We ran a small brief in the paper on Monday after it was revealed Leafs assistant GM and director of hockey operations Jeff Jackson had left the team, and to my surprise it was one of the more popular items on globesports.com that day.
I've also had a number of emails from readers looking for more details on Jackson's departure and what it means, so I caught up with him this week to chat briefly about his decision.
Jackson has been with the Leafs for four years, dating back to when he was John Ferguson's right-hand man, and he said he wanted to keep his departure low key. Despite some speculation out there, there was no turmoil in the Leafs front office, and this move was something Jackson said has been in the works for months.
After GM Brian Burke brought in both Dave Nonis (senior VP of hockey ops) and Dave Poulin (VP of hockey ops), Jackson said the writing was on the wall.
He was a second-round pick by the Leafs in 1983 and played 77 games with Toronto before moving onto the stints with the Rangers, Nordiques and Blackhawks before retiring in 1992. Jackson then practised law for eight years with Heenan Blaikie LLP in Toronto, where he handled some salary arbitration cases for NHL teams.
Despite rumours he may join the NHLPA in some capacity, he said nothing had been offered on that front and only that staying in hockey "was a possibility."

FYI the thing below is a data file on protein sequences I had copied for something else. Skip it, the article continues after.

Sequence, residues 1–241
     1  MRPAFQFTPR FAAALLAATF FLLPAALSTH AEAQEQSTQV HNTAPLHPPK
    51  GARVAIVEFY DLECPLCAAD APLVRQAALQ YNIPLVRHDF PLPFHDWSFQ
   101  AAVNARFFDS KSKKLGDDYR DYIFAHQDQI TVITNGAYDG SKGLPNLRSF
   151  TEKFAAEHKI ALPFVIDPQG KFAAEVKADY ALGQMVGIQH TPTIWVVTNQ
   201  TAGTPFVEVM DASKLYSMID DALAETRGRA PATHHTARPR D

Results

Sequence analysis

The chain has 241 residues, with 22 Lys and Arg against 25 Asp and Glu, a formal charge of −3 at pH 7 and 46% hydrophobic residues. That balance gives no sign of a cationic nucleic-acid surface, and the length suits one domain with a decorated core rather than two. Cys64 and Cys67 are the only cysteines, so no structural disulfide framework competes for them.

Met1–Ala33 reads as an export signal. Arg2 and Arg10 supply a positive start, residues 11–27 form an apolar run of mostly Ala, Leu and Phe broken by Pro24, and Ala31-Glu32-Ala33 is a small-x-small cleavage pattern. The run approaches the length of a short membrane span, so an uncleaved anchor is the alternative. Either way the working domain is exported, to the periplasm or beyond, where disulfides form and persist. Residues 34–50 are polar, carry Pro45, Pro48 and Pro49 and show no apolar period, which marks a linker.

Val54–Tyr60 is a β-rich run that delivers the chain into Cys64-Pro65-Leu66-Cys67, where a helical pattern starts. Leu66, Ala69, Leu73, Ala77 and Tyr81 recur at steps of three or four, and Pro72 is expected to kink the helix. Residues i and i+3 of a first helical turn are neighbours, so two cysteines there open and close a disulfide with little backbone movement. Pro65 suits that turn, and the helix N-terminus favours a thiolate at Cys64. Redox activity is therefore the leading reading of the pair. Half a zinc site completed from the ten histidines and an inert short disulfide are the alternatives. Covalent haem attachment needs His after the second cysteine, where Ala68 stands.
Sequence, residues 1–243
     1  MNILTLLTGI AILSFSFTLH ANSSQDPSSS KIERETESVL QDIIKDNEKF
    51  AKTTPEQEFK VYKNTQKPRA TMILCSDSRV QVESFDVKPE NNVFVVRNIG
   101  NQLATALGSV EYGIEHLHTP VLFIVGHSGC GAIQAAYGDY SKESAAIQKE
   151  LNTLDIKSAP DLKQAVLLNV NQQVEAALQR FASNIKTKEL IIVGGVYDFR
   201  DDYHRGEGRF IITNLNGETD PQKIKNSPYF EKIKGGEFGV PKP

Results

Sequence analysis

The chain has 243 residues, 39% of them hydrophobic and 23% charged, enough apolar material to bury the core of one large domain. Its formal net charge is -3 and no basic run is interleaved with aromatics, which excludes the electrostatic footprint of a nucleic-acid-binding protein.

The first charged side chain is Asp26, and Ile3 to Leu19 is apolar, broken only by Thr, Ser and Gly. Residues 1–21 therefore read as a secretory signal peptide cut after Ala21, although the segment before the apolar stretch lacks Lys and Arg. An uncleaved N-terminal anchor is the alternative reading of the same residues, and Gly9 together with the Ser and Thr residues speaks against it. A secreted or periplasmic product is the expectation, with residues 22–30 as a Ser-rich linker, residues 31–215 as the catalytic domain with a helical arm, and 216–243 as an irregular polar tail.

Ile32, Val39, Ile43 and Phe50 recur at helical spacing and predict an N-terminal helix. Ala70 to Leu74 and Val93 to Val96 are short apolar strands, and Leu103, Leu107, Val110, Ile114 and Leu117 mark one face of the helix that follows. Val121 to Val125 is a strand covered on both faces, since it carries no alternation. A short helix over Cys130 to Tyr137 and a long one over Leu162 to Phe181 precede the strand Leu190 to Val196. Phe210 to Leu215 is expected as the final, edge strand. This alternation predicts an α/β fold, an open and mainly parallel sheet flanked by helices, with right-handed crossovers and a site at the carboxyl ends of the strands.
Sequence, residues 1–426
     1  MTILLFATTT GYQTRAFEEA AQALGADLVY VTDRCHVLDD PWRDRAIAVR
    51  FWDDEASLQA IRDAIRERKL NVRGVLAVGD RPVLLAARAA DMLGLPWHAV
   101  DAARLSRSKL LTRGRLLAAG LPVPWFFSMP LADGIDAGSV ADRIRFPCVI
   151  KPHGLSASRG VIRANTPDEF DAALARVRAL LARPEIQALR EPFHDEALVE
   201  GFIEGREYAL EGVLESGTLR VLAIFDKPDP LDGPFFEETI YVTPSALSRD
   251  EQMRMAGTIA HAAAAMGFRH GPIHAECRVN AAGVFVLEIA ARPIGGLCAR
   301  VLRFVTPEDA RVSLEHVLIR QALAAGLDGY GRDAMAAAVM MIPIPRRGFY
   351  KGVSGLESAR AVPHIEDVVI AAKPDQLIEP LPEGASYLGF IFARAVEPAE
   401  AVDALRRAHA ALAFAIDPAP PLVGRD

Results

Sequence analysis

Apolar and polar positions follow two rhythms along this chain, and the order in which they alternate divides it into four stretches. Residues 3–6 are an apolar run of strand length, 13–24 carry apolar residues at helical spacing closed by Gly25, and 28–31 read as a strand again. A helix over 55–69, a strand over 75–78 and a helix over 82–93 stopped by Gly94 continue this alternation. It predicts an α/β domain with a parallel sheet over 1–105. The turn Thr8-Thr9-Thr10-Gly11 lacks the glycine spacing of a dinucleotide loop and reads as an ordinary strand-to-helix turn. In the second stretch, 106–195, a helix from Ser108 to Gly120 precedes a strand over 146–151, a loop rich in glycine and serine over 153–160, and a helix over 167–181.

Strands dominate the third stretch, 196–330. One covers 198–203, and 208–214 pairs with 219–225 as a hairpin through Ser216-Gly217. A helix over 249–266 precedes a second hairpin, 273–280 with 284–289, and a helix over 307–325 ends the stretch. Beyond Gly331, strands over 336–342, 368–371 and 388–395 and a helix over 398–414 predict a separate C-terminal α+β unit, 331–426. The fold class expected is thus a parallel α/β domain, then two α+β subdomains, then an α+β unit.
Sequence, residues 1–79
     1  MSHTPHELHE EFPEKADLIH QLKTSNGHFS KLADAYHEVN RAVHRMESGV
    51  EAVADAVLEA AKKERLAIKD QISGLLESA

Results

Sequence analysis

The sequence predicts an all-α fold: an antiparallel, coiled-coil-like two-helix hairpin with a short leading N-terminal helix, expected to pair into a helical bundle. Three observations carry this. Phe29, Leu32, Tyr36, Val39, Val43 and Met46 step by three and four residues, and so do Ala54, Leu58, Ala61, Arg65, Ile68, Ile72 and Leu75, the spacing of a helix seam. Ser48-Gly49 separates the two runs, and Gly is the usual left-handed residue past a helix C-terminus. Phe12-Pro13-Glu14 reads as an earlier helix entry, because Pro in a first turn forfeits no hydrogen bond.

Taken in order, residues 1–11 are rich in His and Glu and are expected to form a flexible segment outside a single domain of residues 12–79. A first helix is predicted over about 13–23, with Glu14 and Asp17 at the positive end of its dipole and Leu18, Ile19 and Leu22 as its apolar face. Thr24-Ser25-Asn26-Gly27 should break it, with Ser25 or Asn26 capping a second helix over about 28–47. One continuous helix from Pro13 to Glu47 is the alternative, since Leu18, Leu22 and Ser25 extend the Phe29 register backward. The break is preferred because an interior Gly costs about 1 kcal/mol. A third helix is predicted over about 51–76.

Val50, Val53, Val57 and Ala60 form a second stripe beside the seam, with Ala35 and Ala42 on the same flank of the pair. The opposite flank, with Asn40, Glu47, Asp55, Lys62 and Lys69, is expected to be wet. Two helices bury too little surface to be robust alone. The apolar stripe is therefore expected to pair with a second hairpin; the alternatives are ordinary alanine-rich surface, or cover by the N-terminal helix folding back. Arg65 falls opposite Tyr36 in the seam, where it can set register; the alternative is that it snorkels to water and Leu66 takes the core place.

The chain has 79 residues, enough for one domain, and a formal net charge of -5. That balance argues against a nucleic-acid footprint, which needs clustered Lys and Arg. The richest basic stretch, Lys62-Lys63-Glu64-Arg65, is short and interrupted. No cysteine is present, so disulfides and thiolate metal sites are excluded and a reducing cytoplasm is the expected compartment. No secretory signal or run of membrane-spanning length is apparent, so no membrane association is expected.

"Coming back to the Leafs, four years ago, was pretty cool," Jackson said. "It was an honour to be drafted by them, it was great to work for them. It's one of the toughest sports markets in the world, so it was kind of a baptism by fire on the management side.
"In a lot of respects, it's been a rough four years because of the inability to have success. I was hoping I'd be part of a winning team here because when it happens, it's going to be a great place to be. So, it is a hard thing to be leaving, but it's just the right time.
"Burkie and I talked a lot about it and Dave Nonis and I talked about it, and it was one of those things where I wasn't going to be part of the key management group that they have in place currently and going forward, so it was the right time to leave. We just kind of picked the Olympic break - it's just kind of a natural break - and that's when I really kind of stepped aside.
"I'm leaving on good terms, no hard feelings. Burkie was really fair to me and treated me well so I'm not leaving under a cloud or anything. It's just one of those things in hockey - people have their own guys and, you know, I didn't fit into that group.
"I was hoping to stay, but it didn't work out that way."
Here are a few more comments from Jackson for those interested:
Why he left midseason: "The thought was if I wasn't going to be part of the group beyond the end of my contract, then there's no point in staying, really … It gives me an opportunity to get a jump on talking to different teams whether that's what I'm going to do or looking at other opportunities. It also gives the team the opportunity to bring somebody else in.